When I was in my early teens, an organization in a city near me finished an ambitious project: they restored an old theater. To celebrate, they held an open house and many people from the surrounding area came to tour the newly restored theater. My parents took my sister and I to go see it. I remember my fascination at the ornate detail of the theater.
After college, I became interested in abandon places. Not that I would visit one alone, but I loved looking at photos of once-grand buildings as nature and the environment reclaimed them. However, the photos of abandoned libraries and theaters always made me a little sad. Maybe it’s the decline of civilization, or maybe it’s because I’ve seen an old library and an old theater in preserved or restored condition. I often thought it was a shame more couldn’t be saved.
Several months ago, my father informed me that the local photo club had arranged to visit the theater we had toured all those years ago and visited a few times since. The club had purchased a tour and several hours of time to wander the building with cameras. I had the opportunity to photograph the very same ornate building that had fascinated me years before – and it is still in restored condition.
Since I ran out of retouch time (dynamic range is a big concern in this building!), here are the photos from the entryway and upper mezzanine:
Next time, I will continue with the inside of the theater. In a world with so much entropy and decay, it’s always a ray of hope that some things can be saved.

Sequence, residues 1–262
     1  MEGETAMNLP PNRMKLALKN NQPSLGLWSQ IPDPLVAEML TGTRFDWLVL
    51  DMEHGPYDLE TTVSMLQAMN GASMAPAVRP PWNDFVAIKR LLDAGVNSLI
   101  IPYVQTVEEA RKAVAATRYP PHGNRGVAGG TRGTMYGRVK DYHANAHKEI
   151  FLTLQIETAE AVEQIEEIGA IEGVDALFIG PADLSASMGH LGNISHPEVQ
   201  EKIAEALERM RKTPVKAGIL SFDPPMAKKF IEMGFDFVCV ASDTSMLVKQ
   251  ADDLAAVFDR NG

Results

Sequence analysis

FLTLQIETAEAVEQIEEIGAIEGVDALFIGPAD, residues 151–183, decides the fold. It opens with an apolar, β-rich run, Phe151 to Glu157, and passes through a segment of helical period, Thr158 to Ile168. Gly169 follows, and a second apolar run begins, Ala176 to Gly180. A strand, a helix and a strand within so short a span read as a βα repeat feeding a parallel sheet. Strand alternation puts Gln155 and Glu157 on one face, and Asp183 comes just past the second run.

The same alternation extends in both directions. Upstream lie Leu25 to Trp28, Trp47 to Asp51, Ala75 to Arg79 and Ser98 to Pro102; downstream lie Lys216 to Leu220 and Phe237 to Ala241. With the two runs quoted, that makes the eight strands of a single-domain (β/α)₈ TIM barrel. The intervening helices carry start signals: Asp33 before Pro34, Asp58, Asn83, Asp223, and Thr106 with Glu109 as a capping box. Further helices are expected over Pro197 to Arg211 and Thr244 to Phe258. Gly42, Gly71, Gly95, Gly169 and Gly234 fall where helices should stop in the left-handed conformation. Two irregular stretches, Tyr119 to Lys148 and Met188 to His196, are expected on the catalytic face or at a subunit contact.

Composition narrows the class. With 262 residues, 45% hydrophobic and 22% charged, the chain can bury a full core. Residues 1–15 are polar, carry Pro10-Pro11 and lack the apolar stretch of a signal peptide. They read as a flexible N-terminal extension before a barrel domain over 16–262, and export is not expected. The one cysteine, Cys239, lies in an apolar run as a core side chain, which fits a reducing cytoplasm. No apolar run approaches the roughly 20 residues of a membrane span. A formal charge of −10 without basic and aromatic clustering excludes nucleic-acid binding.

I had no assigned topic this week. I more or less tried out a lens that I’ve had for around two years and never really used. Summer of 2009, I was in the South doing an academic internship on an independent film. A group of us were out at a local secondhand store when one of my friends found an old 50mm Nikon lens. It was cheap and appeared to be in good shape, so it came with me. I tried it out just enough to know that it works, but since then, it’s been confined to the depths of my camera bag (except for being featured in my post on imagination). Not this week. Little lens, your time has come.
The goal was to work with one focal length only, as I fear the zoom lens is robbing me of some sort of discipline. The real challenge was focusing a wider prime. Yes, technically the 50mm is longer than a normal lens on my DSLR, but I like the 70-100mm range, so it is wider than my comfort zone. For years, I’ve been zooming in and focusing with SLRs and using magnifiers on large format. Not to mention that it’s obvious when I’m off on the macro. Fortunately, I met with some success this week.
First of all, I paid a visit to my old faithful test subject: the snowball bush. Admittedly a bit green right now. Really, the 50mm is a bit wide for this subject. It only focuses so close, forcing me to move back.
I moved on to some trees with interesting features, such as this “eye” of sorts, for more focusing practice. Success. Autofocus and zoom lenses haven’t completely ruined me.
Lastly, I focused on my sister’s car. It has some styling details I find attractive. Unfortunately, the paint isn’t so good, forcing me to give the car a Photoshop makeover. My sister was glad that I was painting her car, even if it was only in Photoshop.
Since I could use to spend more time with this lens, I may do a part 2 to this post, but not right away.
Next Week: Time
There are so many directions I could go with this. My hope is to use timepieces and objects around them to say something else about time other than, oh, half past seven.